As a fantasy, “The Shape of Water” might have sunk under too much fantastical garb; instead, the magical realism of the story contrasts sharply with the brutalism of the Cold War — a place of metal and seawater green. Using natural fabrics such as wool and cotton, Luis Sequeira, who was not responsible for the water creature’s costume, placed his antagonists in governmental grays and browns. These matched their settings and allowed lead Elisa (Sally Hawkins) to stand out in her blue cleaning-lady costume and thrift-store vintage outfits. But as the film’s story advanced, both villain Strickland (Michael Shannon) and Elisa underwent a transformation. His “just the facts” straitlaced suits and shirts begin to fray, while she donned shades of deep red like an armor — including some glorious red heels — to show her falling in love and as a person of passion, conviction and strength. Once we see those shoes, there is no question: Elisa has become the warrior who will prevail.

More Film

  • (L to R) VIGGO MORTENSEN and

    'Green Book' Lands Post-Oscars Theatrical Release in China

    Fresh off Monday’s news that it had picked up five Academy Award nominations, best picture favorite “Green Book” is set for more good luck. The film will hit Chinese theaters on March 1, the first weekend after the Oscars, which fall on Feb 24, Alibaba Pictures announced on its official social media account. The film [...]

  • Fan Bingbing

    Chinese Celebrities Pay $1.7 Billion in Back Taxes Following Fan Bingbing Scandal

    Chinese film and TV stars have paid some $1.7 billion (RMB11.7 billion) of additional taxes, following the mid-2018 scandal surrounding actress Fan Bingbing. The figure was announced Tuesday by China’s State Tax Administration. Chinese authorities launched a probe into the taxation affairs of the entertainment sector in October. Companies and individuals were asked to examine [...]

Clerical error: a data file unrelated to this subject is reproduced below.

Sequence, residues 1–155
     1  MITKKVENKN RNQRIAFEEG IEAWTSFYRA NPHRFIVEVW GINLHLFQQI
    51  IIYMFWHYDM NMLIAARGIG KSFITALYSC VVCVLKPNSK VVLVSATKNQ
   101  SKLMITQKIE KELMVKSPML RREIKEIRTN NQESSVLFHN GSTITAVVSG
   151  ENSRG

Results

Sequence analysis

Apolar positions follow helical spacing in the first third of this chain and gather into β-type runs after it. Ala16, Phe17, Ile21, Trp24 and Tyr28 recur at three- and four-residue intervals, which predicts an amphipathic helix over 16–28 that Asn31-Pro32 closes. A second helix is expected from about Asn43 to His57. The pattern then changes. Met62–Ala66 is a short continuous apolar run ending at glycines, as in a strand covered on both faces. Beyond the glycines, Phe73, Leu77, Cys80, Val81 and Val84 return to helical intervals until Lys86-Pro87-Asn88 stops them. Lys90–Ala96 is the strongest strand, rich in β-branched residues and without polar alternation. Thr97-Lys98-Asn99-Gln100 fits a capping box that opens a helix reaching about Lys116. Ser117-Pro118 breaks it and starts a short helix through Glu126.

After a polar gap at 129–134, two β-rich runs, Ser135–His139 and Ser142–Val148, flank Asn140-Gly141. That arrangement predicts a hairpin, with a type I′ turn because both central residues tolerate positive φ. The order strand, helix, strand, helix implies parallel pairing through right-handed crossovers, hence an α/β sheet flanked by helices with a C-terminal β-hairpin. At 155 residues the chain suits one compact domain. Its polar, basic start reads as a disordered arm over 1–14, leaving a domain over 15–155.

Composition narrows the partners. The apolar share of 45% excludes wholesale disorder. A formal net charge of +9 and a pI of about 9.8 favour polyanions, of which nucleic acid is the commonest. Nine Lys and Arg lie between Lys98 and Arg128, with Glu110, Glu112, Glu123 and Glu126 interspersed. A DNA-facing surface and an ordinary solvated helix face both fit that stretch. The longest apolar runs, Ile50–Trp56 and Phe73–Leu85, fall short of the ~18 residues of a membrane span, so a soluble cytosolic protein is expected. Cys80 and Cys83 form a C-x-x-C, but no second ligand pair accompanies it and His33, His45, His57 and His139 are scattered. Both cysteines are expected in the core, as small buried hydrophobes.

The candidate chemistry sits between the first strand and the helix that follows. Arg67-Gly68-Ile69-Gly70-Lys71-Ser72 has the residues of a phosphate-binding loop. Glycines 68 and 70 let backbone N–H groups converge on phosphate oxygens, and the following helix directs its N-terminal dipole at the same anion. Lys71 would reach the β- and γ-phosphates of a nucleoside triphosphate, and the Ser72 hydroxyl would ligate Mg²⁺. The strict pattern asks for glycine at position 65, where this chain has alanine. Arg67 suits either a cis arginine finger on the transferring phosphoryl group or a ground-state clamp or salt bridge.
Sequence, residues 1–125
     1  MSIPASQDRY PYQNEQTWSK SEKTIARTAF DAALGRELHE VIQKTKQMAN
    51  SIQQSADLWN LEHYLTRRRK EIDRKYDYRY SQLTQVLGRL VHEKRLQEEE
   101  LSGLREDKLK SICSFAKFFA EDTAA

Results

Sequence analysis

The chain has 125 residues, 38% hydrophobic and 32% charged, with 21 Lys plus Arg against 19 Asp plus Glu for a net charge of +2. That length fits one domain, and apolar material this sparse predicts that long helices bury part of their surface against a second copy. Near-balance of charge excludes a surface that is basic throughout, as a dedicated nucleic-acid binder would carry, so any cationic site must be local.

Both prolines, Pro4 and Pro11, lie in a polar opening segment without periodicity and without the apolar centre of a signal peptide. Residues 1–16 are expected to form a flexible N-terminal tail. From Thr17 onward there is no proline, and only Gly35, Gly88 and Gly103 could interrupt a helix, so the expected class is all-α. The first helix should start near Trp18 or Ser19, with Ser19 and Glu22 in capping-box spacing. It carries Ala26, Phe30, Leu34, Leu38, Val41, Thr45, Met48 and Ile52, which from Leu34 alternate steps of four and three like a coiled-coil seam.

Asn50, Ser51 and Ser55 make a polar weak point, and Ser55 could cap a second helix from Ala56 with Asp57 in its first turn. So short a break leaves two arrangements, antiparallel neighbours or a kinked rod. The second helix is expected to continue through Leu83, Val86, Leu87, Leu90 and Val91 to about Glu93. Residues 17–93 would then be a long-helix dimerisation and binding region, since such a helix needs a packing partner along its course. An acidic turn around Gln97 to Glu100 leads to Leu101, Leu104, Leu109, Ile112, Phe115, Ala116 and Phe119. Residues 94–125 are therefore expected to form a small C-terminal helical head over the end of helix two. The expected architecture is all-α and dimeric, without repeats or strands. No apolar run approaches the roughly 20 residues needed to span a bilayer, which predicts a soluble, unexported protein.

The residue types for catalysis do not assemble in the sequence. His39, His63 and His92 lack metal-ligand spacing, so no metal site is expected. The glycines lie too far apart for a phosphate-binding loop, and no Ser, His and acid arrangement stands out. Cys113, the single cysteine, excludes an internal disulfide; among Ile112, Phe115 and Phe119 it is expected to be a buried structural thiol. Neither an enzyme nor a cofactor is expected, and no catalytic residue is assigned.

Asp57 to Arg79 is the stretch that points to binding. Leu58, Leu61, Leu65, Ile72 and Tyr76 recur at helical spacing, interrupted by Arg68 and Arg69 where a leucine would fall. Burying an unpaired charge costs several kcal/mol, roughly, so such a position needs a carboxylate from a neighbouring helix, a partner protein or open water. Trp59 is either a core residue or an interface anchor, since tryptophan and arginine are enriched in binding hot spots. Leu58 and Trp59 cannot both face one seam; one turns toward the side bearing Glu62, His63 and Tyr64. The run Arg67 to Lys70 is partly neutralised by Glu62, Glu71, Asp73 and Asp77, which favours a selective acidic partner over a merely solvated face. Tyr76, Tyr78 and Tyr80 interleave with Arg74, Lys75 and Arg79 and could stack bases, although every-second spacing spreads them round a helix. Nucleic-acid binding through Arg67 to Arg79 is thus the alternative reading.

• Yalitza Aparicio as Cleo, Marco Graf

    Film News Roundup: AMC, Regal to Leave 'Roma' Out of Best Picture Showcases

    In today’s film news roundup, “Roma” will not be in the best picture showcases at AMC and Regal, “Jimi Hendrix: Electric Church” gets a release and SAG-AFTRA’s David White has a new appointment. ‘ROMA’ SPURNED AMC Theatres and Regal Cinemas are leaving Alfonso Cuaron’s “Roma” out of their upcoming annual showings of the contenders for [...]

  • First Look at SAG Awards' Cuban

    First Look at SAG Awards' Cuban-Inspired After-Party (EXCLUSIVE)

    Celebrities at this year’s SAG Awards won’t have to go far for some tropical fun. Sunday’s annual post-show gala, hosted by People magazine for the 23rd year, is set to feature a Cuban-themed party space adjacent to the Shrine Auditorium. “We’re kind of going back to more of a thematic element. I have some close [...]

  • Paul DavidsonVariety Big Data Summit Presented

    Listen: The Orchard's Paul Davidson on Surviving Sundance Bidding Wars

    Hollywood heads to Park City, Utah this week in the hopes of finding the next big Sundance Film Festival breakout. Paul Davidson, executive vice president of film and television at The Orchard, plans to be in the thick of it. In today’s edition of Variety‘s “Strictly Business” podcast, Davidson opens up about The Orchard’s strategy [...]

  • Young Tony Soprano in 'Sopranos' Movie:

    James Gandolfini's Son Michael Gandolfini Cast as Tony Soprano in 'Sopranos' Movie

    Michael Gandolfini, son of the late James Gandolfini, will play the young Tony Soprano in “The Many Saints of Newark,” the  prequel movie to the television series “The Sopranos.” “It’s a profound honor to continue my dad’s legacy while stepping into the shoes of a young Tony Soprano,” Gandolfini said. “I’m thrilled that I am [...]

  • Bradley Cooper A Star Is Born

    The Message of the Oscar Nominations: You'd Better Have a Social Message

    Each year at the Left Coast crack of dawn, when the Oscar nominations are announced, there’s generally at least one major nomination many pundits were predicting that fails to materialize. When that happens, entertainment media tends to rise up as one and say the s-word: snub. In truth, it’s not usually a snub; it’s just [...]

More From Our Brands

Access exclusive content